Allen shook his head woefully. "No, what you see adds up. Bowling's still very much what it used to be. And, not to be cruel, but as you can see, they're not very good-looking people. They're not well dressed, and they're not in great shape." Allen paused. "But they're good people. They're very good people."
I surely don't know what the future holds for bowling. But I know that the one thing that bothered me on my visit to this peculiar little universe was that bowling seems to be so very embarrassed about itself. In many respects it denies the very people who constitute the heart of bowling, who love bowling, who support bowling, who are bowling. I think bowling will prosper in the long run only if it just lets itself be bowling. We don't need another pseudo-golf or -tennis. We already have golf and tennis for that.
The single most jarring thing I experienced in bowling was when watching Husted, the aforementioned up-and-coming pro, bowl. He's a very good-looking and bright young man, from an upper-middle-class family that happened to own two bowling centers. He had a four handicap in golf, but after high school he went right out on the PBA tour. And this is what Husted wears when he bowls: a snappy red Nike sport shirt, tan pleated khaki pants with a brown leather belt, a wristwatch with a brown leather strap and argyle socks with Nike bowling shoes that look exactly like tennis shoes. This is not proper bowling attire! This is like wearing a three-piece suit, a fedora and wing tips to play second base for the White Sox. Bowlers don't even wear their names on the back of their shirts anymore when they're on TV. Bowling changed things for the benefit of stiffs who don't like bowling. Now to see real bowling shirts you have to go to a museum. "I genuinely lament the passing of the bowling shirt," says Pluckhahn. "Tell me, what exactly have we gained now that our bowlers wear golf knitwear?"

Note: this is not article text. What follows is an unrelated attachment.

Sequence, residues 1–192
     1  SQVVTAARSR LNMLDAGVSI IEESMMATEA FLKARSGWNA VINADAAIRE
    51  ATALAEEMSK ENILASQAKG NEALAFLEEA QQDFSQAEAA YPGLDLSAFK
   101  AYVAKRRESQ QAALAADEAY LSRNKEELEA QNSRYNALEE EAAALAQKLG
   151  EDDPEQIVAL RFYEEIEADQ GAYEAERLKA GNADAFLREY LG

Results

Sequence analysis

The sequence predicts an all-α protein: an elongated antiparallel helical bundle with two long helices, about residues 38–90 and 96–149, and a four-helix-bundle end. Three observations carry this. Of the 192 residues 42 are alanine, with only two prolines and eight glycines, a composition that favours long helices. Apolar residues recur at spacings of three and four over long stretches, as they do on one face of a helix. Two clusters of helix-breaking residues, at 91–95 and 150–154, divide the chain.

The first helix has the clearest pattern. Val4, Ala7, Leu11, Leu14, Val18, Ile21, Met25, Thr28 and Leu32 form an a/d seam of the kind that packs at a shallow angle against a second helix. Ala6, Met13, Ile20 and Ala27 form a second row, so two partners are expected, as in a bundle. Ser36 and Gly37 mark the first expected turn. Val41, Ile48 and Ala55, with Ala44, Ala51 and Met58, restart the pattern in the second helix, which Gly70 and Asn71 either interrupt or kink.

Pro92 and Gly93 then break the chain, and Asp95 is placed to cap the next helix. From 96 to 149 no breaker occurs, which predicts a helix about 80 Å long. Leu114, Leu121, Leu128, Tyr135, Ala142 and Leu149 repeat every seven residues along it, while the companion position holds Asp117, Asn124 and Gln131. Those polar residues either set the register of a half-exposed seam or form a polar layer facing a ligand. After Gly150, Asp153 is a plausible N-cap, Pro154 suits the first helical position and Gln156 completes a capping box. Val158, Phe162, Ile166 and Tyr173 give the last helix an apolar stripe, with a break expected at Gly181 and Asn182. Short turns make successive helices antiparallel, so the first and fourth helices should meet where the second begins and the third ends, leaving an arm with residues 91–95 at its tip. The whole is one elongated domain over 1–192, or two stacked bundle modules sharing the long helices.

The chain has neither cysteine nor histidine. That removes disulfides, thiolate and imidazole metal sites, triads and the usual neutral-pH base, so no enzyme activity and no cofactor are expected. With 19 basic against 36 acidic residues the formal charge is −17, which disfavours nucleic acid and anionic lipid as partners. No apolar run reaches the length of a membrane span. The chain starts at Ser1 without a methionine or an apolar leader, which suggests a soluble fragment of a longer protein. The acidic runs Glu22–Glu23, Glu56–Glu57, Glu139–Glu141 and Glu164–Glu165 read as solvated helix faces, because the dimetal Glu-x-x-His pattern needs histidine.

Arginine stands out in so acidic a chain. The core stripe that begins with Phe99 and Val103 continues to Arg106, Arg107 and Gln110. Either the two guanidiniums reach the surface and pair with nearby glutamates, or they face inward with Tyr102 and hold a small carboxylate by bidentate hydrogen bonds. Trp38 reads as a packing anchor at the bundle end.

Sometimes I thought that, of all the people in bowling, Pluckhahn, the one who is paid to live in the past, enjoyed the finest sense of what the game truly is. Then, too, everybody I met who isn't in bowling but deals with the bowling industry adored the people in bowling. This included folks in television, in the beer business, in the sporting goods industry. Compared with people in other sports, bowling types were everybody's favorite. And it was easy for me to see why. To quote Dr. George R. Allen, "They're good people."
"They're so enjoyable, so down-to-earth, so unpretentious," says Jeff Kramer, a Nike marketing manager. "And you know what I can't understand? Why do the people who run bowling want to appeal to yuppies? Nobody ever liked yuppies. But here bowling already has the best people in the world, and they keep pushing to replace them with yuppies."
The funny thing is, too, that in much of the sports world these days, everybody lauds everything blue-collar. In fact, the only place where you even hear the term white-collar anymore is in the context of white-collar crime. An athlete would probably quit the team if he heard his coach say that he was "a real white-collar player." But the best thing you can say about an athlete is that he's a real blue-collar player. Today, blue-collar means a day's work for a day's pay. It means hustling, dependable, devoted, honest as the day is long. It means: America. Or anyway, the way America was supposed to be when we were taught about America. All the phonies who own or coach or watch in other sports, all the nouveaux and the yuppies, all the white-collar guys who have not quite yet been convicted of white-collar crime, all of them are searching high and low for genuine blue-collar types, and here bowling has all the blue-collar, and all it wants is to be identified with the service economy. Can you believe the irony in that?
The next time I chat with President Nixon, I'm going to ask him what he thinks about that. It's a fine how-do-you-do.
Set 'em up.